In 2009, when the foreclosure crisis was most acute, President Obama promised to save 4 million homes through the Home Affordable Modification Program (HAMP). Today, only around 900,000 hold active permanent HAMP modifications, while millions of others either re-defaulted or were rejected by the program. Mortgage servicing companies, which had a greater financial incentive to foreclose over modifying home loans, quickly figured out how to game the system, using it to pile more bad debt on borrowers for their own reward.
The process devolved into a horror show for homeowners. Servicers prolonged trial modifications well past the three-month period set out in HAMP guidelines so that they could rack up late fees. They deliberately lost borrower's income documents to extend the default period, even shredding documents and purging records to do so. They pursued foreclosure while negotiating the modification, against HAMP rules. They granted modifications that folded servicer fees into the principal of the loan, increasing the unpaid principal balance — and thus their profit — while pushing the borrower further underwater. And they trapped borrowers after denying modifications, demanding back payments, missed interest and late fees, with the threat of foreclosure as a hammer.
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This sometimes forced borrowers into "private" modifications with the servicer, usually on worse terms than the status quo. Or it led to many of the 5.6 million foreclosures we've seen since the collapse of the housing bubble. One set of employees at Bank of America testified that they were given bonuses like Target gift cards for pushing homeowners into foreclosure.
Subsequent government programs, like the "Hardest Hit Fund" directed at states with the most nagging foreclosure crises, similarly failed to deliver. The failure to restructure mortgages and avert foreclosures is seen as the biggest policy mistake of the Great Recession.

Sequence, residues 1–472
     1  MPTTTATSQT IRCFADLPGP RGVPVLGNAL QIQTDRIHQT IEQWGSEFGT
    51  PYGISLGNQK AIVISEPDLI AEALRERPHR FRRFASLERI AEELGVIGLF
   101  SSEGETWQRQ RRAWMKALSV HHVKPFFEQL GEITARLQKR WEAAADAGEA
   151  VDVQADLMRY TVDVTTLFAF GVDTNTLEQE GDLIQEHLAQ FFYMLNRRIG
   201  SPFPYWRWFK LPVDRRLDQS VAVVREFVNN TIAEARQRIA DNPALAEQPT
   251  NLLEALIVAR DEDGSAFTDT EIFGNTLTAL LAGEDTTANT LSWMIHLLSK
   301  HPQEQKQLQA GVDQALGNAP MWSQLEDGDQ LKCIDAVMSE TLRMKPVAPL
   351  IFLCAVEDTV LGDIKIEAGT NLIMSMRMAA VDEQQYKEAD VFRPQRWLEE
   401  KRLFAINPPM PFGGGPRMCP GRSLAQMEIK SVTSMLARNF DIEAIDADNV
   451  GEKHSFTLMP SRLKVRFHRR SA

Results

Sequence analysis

With this as a backdrop, it's easy to see why homeowners who managed to avoid that carnage would cast a skeptical eye toward the government's latest push. Ultimately, HARP goes through mortgage servicers, the same way HAMP does. And virtually all homeowners have friends and neighbors who can cite them chapter and verse about the hell they went through with their mortgage company. They think about that, and suddenly that refinancing gift being dangled in front of them doesn't look so shiny.
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The HAMP debacle has caused a breakdown of trust between mortgage servicers and their customers, and the government did this no favors by failing to police servicer behavior. The Treasury Department, which gave incentive payments to servicers for successful HAMP modifications, could have sanctioned them at any time for violating their contractual obligations, up to and including clawing back those incentive payments. Yet it never did so, despite documented evidence of fraud and abuse. One temporary withholding of incentive payments in late 2011 was quickly terminated. Treasury paid every servicer in full, regardless of the violations.
When homeowners hear from a government looking to help them, and previous efforts along similar lines led to broken promises and foreclosure nightmares, you can't blame them for saying no. This is why, if you believe in an activist government that can help solve problems, failures of this sort become so debilitating. The housing policy disappointments reinforced the old Ronald Reagan dictum that the most dangerous words in the English language are "I'm from the government and I'm here to help."
The FHFA wants to literally give free money to homeowners, and they simply can't trust that it won't send them into a downward spiral. That credibility gap really harms the ability of liberal government to function.
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There's only one way to restore credibility: through efficient, quality government programs that establish high standards among the public. But one misstep can ruin years of diligent work. The FHFA might have a perfectly sound program that will really benefit homeowners. But until they stave off the lingering mistrust, they will simply serve as representatives of a Government Who Cried Wolf.
—By David Dayen, The Fiscal Times